A Washington state federal judge has ruled that despite Chris Cornell's widow's claims, Soundgarden are not withholding royalties.

Judge Michelle Peterson has also recommended that two of Vicky Cornell's claims against the band be thrown out due to lack of evidence.

Cornell sued remaining Soundgarden members Kim Thayil, Ben Shepherd and Matt Cameron in December of 2019 over allegations that they were “withholding hundreds of thousand of dollars in royalties.” She also accused that the band's manager, Rit Venerus, wasn't looking out for her best interests since taking over Chris' estate when he died in 2017.

Billboard reports Judge Peterson found that Venerus is "not (Cornell's) advisor," and there is insufficient evidence to state that the band withheld money from Vicky Cornell or that they used the funds to pay for any legal fees involved the case.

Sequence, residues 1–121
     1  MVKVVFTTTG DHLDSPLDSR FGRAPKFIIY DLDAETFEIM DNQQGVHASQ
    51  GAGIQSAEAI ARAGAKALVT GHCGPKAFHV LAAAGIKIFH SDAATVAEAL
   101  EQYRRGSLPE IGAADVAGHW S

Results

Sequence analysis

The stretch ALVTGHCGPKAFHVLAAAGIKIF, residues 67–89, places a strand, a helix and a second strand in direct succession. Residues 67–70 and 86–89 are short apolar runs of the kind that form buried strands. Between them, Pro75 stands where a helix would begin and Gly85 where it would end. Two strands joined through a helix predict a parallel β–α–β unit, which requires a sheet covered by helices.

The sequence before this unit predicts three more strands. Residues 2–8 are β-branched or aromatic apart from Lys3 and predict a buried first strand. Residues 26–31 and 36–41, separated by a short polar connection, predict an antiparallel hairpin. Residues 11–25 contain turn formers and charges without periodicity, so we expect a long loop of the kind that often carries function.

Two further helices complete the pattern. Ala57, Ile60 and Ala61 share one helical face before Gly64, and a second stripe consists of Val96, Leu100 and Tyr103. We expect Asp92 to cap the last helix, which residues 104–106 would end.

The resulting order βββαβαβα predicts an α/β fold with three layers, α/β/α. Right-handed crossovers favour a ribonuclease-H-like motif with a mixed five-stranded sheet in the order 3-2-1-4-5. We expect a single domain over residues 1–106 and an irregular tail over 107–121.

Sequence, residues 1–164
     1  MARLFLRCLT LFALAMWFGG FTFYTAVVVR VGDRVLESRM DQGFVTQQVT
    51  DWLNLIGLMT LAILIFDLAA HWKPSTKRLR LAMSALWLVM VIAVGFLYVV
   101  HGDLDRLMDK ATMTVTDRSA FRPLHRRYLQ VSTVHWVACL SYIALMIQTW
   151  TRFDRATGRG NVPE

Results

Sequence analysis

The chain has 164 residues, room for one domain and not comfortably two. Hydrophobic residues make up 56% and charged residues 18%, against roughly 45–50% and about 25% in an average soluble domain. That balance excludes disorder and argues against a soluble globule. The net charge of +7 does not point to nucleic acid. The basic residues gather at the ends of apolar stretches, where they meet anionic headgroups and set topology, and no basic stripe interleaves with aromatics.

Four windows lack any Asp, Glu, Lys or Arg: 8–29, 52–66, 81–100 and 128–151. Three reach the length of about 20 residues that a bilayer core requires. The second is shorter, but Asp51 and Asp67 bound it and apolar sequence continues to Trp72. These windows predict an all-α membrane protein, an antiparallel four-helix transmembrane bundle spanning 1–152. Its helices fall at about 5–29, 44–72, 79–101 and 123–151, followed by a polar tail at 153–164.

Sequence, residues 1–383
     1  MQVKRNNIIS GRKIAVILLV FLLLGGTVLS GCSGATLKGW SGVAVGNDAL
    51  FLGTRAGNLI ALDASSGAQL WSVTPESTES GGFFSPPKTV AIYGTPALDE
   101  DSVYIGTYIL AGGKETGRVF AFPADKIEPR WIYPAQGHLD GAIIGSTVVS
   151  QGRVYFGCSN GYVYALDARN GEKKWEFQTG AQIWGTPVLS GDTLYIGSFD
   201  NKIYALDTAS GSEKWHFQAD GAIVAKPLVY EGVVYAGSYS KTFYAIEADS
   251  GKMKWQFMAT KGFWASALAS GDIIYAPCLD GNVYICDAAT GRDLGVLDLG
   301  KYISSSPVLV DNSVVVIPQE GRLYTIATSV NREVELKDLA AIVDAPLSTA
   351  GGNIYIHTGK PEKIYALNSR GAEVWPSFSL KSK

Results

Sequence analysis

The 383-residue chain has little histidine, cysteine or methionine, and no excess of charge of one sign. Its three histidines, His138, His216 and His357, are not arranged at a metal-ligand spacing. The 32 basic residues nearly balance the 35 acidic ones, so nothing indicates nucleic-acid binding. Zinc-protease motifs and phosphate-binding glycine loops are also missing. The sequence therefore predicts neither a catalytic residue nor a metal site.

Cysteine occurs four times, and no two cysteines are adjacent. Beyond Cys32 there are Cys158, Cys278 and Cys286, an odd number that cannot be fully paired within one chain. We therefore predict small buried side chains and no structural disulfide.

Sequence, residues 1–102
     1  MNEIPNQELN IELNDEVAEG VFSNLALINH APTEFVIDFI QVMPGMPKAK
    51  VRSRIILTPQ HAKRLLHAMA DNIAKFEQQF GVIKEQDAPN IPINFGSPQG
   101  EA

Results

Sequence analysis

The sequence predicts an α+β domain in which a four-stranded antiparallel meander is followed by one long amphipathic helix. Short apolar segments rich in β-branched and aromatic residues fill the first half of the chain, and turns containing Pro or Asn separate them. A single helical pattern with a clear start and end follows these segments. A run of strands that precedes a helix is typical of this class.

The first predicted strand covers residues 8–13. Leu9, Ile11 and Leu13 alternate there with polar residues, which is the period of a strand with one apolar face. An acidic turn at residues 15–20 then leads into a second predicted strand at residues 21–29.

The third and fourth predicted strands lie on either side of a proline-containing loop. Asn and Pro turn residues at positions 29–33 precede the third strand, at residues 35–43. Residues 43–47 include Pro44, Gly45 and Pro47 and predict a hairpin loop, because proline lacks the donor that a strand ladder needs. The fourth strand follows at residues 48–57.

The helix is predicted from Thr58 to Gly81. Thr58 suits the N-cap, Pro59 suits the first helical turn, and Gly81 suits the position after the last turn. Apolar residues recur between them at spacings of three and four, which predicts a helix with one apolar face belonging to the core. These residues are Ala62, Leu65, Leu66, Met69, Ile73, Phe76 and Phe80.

When Chris Cornell passed in 2017, the 52-year old left his property -- including his intellectual and personal property rights -- to his wife Vicky for the benefit of their two minor children.

On Dec. 9, 2019, two and half years after her husband's death, Vicky Cornell filed a lawsuit against the remaining members of the band and their business manager asking a judge to declare her the rightful owner of her husband’s unreleased sound recordings and of his name and likeness.

She also demanded the court order the band to open its finances to her and to provide her with an inventory of all of Chris Cornell's personal property that was stored in warehouse space owned by Pearl Jam.

Soundgarden's legal team successfully argued that the disputed funds are owned by the band’s partnership, and that under Washington law that partnership continues to legally own the funds until there is a distribution by a partner vote.

Vicky Cornell’s attorney Marty Singer said in a statement released in response to the judge's recommendation that his client plans to “vehemently object” to it.

The case will now be reviewed by the honorable Robert S. Lasnik, who will have the final say.

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